Composing essays involves a great deal of time and effort, and once most writers have completed a rough draft, editing it is the very last task they wish to face. If you finish a paper and feel this way, do not worry. This is natural.
After you have finished a rough draft, the first thing you should do is leave it. Engage in a different activity. Watch a film. Take a swim. Allow yourself time – at least 24 hours of it. Distancing yourself from your essay will result in a freshly constructive perspective toward it. When you finally do return to your paper, you will be akin to a detached outsider reviewing it, and (hopefully!) you will discover multiple ways to improve it. You may also want to consider consulting an essay editing tutor who can help you with this process as well. Here are three elements to keep in mind as you edit your essay:
When you first begin to edit your essay, assess the flow, or development, of your thought progression. When initially formulating your argument, it is all too simple to move from one point to the next without clarifying your logic. A day of separation from the piece will help you to ascertain exactly where this may have occurred. Review your argument carefully; if you move too quickly between points early in your paper, your reader will lose interest or confidence in the piece before reaching its conclusion. Ensure your argument is easy to follow. Here are some tips on how to organize your notes which will ultimately make your essay more organized as well!
Do not hesitate to thoroughly revise your work. Even the best writers must regularly cut or revise entire paragraphs, and it is not uncommon for columnists, playwrights, reporters, and screenwriters to begin anew. This is not a negative occurrence – it typically means that the writer has learned how to improve upon his or her original idea. If that idea was originally strong enough to prompt exploration, an improved rendering will likely be even more powerful.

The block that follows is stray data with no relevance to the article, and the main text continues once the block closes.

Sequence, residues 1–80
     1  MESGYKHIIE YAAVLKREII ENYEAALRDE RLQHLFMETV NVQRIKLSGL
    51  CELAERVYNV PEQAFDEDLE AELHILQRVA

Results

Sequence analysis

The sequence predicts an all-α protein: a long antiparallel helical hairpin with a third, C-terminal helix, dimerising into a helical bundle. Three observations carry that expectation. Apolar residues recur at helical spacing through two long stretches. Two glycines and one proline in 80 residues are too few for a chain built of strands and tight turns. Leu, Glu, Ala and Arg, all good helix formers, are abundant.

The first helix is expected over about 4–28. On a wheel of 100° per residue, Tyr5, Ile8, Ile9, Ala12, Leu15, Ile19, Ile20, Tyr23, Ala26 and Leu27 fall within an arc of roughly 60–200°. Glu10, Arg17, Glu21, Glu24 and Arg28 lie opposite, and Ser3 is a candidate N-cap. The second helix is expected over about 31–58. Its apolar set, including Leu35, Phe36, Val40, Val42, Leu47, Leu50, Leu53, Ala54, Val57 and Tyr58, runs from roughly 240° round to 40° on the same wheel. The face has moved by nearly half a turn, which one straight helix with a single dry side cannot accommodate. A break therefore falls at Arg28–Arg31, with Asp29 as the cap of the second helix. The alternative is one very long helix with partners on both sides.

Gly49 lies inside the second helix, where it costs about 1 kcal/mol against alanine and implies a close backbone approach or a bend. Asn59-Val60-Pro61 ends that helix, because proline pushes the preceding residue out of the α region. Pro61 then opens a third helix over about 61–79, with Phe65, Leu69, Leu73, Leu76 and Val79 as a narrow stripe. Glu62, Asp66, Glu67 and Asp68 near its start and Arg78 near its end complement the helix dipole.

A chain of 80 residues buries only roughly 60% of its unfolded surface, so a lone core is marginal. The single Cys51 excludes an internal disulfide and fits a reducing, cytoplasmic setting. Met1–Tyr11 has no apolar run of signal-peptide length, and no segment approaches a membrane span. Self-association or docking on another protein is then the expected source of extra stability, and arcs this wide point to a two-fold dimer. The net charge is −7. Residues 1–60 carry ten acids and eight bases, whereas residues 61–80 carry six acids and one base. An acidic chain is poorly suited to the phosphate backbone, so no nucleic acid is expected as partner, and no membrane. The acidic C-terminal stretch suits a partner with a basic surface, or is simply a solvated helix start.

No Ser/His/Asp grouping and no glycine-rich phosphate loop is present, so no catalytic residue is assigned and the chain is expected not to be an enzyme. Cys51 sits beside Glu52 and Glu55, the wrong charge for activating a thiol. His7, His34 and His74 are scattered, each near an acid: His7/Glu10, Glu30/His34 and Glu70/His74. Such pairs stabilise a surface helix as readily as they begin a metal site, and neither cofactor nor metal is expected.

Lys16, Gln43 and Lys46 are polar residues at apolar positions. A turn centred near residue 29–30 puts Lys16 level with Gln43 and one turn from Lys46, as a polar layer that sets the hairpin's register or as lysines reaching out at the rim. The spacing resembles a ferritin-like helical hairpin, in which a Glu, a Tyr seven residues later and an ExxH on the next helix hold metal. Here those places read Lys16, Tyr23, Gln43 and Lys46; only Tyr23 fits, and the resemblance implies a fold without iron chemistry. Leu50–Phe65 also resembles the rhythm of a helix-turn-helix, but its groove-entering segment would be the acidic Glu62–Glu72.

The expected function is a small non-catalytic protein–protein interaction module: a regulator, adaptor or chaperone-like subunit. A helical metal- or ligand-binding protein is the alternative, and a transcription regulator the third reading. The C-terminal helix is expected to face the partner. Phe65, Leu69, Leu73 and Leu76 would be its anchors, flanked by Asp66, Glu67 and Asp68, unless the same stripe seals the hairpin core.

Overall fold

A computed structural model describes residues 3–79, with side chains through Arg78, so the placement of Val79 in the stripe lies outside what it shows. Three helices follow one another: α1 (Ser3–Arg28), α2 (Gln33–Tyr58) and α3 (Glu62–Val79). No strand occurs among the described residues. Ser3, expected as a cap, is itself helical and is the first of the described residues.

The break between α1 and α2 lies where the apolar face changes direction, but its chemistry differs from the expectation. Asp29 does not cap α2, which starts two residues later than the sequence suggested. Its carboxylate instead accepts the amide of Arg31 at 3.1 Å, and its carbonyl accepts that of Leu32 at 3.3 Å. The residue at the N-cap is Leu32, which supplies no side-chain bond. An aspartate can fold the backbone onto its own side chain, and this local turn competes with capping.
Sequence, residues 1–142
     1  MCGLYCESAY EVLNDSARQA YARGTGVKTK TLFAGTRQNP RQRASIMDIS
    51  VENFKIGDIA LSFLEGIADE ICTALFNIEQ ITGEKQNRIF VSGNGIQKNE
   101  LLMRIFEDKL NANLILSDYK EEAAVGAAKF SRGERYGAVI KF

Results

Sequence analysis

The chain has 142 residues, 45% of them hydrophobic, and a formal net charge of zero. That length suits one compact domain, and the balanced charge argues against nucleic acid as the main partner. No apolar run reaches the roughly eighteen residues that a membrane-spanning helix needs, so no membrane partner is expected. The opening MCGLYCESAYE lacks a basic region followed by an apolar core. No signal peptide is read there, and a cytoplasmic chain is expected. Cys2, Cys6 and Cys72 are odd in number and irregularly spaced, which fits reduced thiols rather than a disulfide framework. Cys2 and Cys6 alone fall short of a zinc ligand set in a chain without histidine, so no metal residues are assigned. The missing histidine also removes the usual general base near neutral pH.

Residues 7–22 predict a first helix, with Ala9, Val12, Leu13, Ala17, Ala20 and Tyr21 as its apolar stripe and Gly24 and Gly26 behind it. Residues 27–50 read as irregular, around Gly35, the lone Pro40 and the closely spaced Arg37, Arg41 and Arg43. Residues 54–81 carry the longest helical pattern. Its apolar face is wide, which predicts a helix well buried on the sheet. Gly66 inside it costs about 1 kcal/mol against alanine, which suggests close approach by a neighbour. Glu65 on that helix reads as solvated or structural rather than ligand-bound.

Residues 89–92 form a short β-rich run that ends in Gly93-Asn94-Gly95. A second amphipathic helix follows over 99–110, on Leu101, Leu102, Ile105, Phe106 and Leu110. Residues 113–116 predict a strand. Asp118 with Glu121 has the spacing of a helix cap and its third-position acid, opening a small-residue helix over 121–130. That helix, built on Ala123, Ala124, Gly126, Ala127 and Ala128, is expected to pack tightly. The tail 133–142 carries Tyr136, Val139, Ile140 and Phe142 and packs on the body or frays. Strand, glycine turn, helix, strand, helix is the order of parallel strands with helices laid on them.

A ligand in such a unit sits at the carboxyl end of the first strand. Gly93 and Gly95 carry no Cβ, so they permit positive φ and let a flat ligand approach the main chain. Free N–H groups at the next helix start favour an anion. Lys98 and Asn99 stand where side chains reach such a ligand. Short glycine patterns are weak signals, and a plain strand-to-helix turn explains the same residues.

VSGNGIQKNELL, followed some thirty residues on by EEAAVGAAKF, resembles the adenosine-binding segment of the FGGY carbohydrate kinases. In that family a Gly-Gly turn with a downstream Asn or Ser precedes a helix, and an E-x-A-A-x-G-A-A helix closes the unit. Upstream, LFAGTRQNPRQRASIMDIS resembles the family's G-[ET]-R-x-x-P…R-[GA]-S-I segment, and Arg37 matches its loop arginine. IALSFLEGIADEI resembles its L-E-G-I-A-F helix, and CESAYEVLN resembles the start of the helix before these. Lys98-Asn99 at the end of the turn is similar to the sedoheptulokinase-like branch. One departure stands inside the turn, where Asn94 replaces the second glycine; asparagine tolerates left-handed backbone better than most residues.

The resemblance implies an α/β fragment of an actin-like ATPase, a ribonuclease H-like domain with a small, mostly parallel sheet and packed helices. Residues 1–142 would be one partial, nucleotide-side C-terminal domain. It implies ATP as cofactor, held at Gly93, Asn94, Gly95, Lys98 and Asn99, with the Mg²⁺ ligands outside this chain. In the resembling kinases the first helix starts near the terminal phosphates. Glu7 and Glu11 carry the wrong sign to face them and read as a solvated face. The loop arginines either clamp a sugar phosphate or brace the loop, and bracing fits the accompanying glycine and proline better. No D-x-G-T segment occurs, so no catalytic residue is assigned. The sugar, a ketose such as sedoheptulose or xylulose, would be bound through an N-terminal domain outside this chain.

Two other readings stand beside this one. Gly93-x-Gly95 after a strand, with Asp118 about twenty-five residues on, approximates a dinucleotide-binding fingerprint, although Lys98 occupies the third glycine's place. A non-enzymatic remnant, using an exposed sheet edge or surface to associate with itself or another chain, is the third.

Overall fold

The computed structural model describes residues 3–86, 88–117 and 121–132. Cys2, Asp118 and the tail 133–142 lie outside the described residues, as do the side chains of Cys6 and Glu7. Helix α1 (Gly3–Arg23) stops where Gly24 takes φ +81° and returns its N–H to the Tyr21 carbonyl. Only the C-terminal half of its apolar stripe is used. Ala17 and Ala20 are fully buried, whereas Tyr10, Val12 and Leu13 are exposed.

Second, check your word usage for dead metaphors and clichés. Certain phrases are unbearably overused, and deciding upon new and interesting ways of expressing them will win you points with your readers. A phrase like, “as busy as a bee” could become “swarming like a fly farm.” Rather than boring your reader with a platitude like, “don’t judge a book by its cover,” turn to an original thought such as, “there’s more to oranges than just their peels.” Deciding upon new ways of formulating old ideas can be entertaining. These are some great tips for writing an essay which you may find useful as well.
3. One last read-through
When you are satisfied with how your paper looks on screen, one step remains. Print your essay, and read it aloud. Viewing your written work on paper lends your words a finality that a computer screen cannot replicate. Edits that may escape your attention when you see them on the screen will become evident when you read them on a printed page. If you are lucky, you will find yourself returning to the computer with new ideas.
The revision process is certainly important, and the strategies outlined above will help you maximize the time you spend editing. But the best way to ensure that your revision process is brief and painless is by devoting ample time and effort to your first draft. Start well, and keep the quality of your writing high. This will provide you with momentum; excitement about what has already been written will lead to optimism about the final product. On the other hand, quickly writing a mediocre first draft leeches energy from the revision process, as editing becomes a matter of creating quality out of something that lacks it, rather than refining and increasing quality that is already present.
Finally (but most importantly), do not sacrifice the editing process. If you leave a paper until the last moment, you turn in a rough draft. Even just ten minutes of review of that rough draft a day later will almost certainly improve it. Do not underestimate the power of detaching yourself from your work and editing it with fresh eyes, as a writing tutor would – it can mean the difference between a B- and an A+.